This book explores the legal culture of the Parsis, or Zoroastrians, an
ethnoreligious community unusually invested in the colonial legal system
of British India and Burma. Rather than trying to maintain collective
autonomy and integrity by avoiding interaction with the state, the Parsis
sank deep into the colonial legal system itself. From the late eighteenth
century until India’s independence in 1947, they became heavy users of
colonial law, acting as lawyers, judges, litigants, lobbyists, and legislators.
They de-Anglicized the law that governed them and enshrined in
law their own distinctive models of the family and community by two
routes: frequent intragroup litigation often managed by Parsi legal professionals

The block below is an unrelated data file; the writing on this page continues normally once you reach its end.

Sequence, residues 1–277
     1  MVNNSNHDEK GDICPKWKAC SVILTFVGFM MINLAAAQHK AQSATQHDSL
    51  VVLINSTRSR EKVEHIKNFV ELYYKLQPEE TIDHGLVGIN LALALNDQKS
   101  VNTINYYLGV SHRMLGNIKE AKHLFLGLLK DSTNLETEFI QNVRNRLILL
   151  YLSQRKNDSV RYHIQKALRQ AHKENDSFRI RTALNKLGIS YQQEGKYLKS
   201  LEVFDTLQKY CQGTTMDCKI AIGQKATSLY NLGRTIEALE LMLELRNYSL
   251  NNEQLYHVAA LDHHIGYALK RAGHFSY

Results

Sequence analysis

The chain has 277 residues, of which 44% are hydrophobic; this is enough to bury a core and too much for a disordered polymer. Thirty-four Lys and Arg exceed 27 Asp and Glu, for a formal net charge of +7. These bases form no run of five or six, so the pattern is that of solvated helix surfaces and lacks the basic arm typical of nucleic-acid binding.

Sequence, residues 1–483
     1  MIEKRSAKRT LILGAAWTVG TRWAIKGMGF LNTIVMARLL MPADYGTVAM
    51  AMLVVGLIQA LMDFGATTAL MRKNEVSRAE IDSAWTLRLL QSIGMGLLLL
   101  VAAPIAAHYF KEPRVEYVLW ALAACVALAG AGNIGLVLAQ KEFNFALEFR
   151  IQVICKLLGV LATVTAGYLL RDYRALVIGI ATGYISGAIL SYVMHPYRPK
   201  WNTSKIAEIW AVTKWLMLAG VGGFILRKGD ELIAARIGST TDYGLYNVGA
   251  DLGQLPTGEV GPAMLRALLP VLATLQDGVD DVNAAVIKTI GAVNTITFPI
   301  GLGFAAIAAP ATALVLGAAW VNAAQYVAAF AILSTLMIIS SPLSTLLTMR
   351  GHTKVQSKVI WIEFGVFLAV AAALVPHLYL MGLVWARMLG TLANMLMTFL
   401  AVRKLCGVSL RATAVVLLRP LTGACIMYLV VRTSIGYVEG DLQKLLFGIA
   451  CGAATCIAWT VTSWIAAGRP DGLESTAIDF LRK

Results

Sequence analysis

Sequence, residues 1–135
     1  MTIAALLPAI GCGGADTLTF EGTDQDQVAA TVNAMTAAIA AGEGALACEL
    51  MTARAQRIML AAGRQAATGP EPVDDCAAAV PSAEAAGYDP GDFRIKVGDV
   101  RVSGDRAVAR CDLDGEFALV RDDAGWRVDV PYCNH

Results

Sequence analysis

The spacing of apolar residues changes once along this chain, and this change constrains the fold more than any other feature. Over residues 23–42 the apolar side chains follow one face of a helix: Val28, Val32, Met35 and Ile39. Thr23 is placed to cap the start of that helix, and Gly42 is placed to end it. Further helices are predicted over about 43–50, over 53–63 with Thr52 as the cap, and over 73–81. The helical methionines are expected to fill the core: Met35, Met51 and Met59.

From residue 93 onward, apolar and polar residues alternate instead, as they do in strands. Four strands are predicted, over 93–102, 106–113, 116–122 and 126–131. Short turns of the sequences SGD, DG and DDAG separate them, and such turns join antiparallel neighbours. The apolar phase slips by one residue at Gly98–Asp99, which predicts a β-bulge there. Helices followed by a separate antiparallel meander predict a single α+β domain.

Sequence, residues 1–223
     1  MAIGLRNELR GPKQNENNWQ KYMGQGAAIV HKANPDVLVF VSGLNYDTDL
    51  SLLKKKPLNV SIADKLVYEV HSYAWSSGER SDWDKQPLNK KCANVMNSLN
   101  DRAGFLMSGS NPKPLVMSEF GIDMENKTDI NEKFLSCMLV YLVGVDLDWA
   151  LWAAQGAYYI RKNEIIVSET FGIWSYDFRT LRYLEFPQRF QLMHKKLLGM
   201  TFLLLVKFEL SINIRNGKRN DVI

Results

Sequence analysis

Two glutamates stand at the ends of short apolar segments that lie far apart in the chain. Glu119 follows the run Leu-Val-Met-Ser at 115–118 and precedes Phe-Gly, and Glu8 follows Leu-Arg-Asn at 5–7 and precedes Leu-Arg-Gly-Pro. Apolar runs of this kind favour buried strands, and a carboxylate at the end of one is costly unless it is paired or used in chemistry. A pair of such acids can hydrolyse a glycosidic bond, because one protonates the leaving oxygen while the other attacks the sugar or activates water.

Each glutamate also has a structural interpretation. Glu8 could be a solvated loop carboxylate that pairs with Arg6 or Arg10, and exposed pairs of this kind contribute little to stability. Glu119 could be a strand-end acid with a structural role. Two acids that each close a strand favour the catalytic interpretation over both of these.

in the areas of marriage, inheritance, religious trusts, and libel,
and the creation of legislation that would become Parsi personal law.
Other South Asian communities also turned to law, but none seems to
have done so earlier or in more pronounced ways than the Parsis.
Mitra Sharafi is an associate professor of Law and Legal Studies at the
University of Wisconsin–Madison, with an affiliation appointment in
History. Her work has appeared in a variety of scholarly journals and
has been recognized by the Andrew W. Mellon Foundation, the National
Science Foundation, and the Social Science Research Council.
Law and Identity in Colonial South Asia won the Law and Society Association’s 2015 J. Willard Hurst Award for best book in socio-legal history.